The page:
Local food production strengthens local economies by protecting small farms, local jobs, and local shops, thus increasing food security.
One example of an effort in this direction is community-supported agriculture (CSA), where consumers purchase advance shares in a local farmer's annual production, in return for equal shares of the harvest. In effect, CSA members become financiers of and participants in local farming, by providing up-front cash, and sharing in the risks and rewards of seasonal growing conditions. Some CSA set-ups require members to contribute a certain amount of labor, in a form of cooperative venture.
The popular resurgence of farmers' markets in many parts of the world, including Europe and North America, contributes to local economies. Farmers' markets are traditional in many societies, bringing together local food and craft producers for the convenience of local consumers. Today, some urban farmers' markets are large-scale enterprises, attracting tens of thousands on a market day, and vendors are not always "local". However, the majority of markets are still built around actual local farmers.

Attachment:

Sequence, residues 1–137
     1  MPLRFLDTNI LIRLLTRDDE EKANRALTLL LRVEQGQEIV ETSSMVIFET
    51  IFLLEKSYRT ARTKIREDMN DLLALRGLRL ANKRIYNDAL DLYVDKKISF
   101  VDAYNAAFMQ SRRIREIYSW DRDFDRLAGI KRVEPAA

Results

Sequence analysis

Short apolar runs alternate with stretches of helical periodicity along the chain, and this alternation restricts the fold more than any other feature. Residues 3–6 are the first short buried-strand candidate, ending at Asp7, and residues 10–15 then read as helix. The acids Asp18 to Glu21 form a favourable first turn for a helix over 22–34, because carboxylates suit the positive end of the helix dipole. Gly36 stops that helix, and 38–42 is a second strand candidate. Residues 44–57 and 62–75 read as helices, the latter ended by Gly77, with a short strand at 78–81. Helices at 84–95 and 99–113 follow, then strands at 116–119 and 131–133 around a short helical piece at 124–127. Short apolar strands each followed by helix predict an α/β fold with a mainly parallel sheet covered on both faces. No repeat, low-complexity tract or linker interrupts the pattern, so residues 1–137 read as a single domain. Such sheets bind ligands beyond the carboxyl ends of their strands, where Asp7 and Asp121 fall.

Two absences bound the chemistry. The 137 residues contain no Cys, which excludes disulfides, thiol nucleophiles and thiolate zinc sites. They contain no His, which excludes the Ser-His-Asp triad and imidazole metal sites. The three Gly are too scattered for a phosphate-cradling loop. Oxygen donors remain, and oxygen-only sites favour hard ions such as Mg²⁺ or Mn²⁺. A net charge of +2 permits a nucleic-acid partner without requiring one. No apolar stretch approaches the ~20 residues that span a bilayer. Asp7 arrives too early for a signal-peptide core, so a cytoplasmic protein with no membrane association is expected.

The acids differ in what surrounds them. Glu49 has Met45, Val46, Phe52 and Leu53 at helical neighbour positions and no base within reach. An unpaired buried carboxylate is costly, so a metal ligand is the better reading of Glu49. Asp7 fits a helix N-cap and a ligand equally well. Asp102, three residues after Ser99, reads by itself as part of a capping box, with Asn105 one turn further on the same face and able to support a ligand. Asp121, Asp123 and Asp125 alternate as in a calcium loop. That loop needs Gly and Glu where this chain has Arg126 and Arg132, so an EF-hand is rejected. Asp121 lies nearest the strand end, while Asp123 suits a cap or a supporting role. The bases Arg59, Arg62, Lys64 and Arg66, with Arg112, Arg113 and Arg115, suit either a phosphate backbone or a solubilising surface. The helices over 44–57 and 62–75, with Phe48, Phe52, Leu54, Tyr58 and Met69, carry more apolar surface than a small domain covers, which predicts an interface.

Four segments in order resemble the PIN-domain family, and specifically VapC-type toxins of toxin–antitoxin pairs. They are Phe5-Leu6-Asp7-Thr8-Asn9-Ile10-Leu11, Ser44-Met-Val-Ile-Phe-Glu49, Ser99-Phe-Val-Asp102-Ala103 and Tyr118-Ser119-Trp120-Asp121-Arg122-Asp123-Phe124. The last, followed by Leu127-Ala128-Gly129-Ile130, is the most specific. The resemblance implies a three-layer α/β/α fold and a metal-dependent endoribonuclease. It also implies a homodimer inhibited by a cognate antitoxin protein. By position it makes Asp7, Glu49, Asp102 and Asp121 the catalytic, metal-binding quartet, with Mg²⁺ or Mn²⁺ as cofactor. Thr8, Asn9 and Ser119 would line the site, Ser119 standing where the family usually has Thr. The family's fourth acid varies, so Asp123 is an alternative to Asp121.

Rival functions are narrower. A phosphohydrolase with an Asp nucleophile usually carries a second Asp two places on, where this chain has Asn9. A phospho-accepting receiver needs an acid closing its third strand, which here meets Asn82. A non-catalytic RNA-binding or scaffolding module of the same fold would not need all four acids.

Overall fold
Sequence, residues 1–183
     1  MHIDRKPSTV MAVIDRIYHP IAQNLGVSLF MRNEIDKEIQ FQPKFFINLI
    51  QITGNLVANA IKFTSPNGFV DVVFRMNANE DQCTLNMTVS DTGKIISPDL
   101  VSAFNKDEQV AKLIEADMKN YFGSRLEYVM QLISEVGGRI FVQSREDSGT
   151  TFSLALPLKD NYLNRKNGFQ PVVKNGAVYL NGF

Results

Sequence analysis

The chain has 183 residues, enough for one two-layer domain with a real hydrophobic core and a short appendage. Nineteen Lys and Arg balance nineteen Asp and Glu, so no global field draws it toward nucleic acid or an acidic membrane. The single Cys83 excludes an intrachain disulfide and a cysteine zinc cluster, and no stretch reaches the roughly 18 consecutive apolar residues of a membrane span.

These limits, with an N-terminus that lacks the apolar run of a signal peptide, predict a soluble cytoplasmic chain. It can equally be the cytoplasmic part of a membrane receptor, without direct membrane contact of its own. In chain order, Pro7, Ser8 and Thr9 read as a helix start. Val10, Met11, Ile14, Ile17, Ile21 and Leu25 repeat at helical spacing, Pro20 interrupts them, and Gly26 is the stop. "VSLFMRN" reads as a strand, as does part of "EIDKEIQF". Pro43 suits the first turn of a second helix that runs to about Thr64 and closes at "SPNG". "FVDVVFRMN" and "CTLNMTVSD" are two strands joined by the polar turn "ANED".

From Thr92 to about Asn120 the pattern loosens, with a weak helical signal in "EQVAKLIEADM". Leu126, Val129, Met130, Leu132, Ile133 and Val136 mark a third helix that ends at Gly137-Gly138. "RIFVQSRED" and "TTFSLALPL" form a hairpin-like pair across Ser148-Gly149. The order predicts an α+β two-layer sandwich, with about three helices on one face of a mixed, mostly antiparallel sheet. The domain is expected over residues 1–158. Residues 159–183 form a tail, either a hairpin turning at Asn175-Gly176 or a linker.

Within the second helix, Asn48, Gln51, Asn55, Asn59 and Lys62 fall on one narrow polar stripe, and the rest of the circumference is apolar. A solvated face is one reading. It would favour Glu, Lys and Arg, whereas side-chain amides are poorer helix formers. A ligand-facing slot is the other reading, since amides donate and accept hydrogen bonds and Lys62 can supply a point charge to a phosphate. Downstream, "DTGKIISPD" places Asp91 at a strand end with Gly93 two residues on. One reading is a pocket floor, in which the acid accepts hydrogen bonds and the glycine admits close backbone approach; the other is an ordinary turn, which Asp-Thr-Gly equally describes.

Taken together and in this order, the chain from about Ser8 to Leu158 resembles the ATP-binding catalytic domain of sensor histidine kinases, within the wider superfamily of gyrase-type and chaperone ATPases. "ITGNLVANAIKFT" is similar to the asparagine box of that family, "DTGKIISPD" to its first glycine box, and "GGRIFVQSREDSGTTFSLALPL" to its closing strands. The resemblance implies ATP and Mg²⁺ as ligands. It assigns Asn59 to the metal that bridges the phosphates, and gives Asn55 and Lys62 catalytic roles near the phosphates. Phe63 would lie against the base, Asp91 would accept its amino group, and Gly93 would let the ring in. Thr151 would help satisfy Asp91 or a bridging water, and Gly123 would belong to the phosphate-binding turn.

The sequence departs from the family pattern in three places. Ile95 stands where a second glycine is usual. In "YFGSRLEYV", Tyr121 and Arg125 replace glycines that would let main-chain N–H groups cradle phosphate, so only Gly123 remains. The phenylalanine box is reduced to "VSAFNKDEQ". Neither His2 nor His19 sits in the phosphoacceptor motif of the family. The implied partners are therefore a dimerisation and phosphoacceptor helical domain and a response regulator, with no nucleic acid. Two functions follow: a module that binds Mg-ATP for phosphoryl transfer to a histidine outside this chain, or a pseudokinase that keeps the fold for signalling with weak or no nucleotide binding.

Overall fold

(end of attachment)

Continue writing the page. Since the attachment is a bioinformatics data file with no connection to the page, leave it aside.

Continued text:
There should be more on local food and bartering systems.
Particularly in the "developed nations", the move away from local food to agribusiness over the last 100 years has had a profound socioeconomic impact, by redistributing populations into urban areas, and concentrating ownership of land and capital. In addition, the traditional farming skill set, which by necessity included a diverse range of knowledge and abilities required to manage a farm, has given way to new generations of specialists. When farming for local consumption was a cornerstone of local economies, the farmer was an integral, leading member of the community, a far different position from today. Support for local food is seen by some as a way to rediscover valuable community structures, values and perspectives.
History of the local food movement
The local food movement in the European Union has been hindered by EU rules requiring things produced in the EU, including food, to be marked as products of the EU, rather than as products of any particular country. The instinct of customers to buy nationally produced food in the name of patriotism was deemed to be a barrier to free trade. Of course, as was mentioned above, for people living in the South of England, food produced in Northern France is more "local" than food produced in Scotland.
- colonial food
- food seasonality
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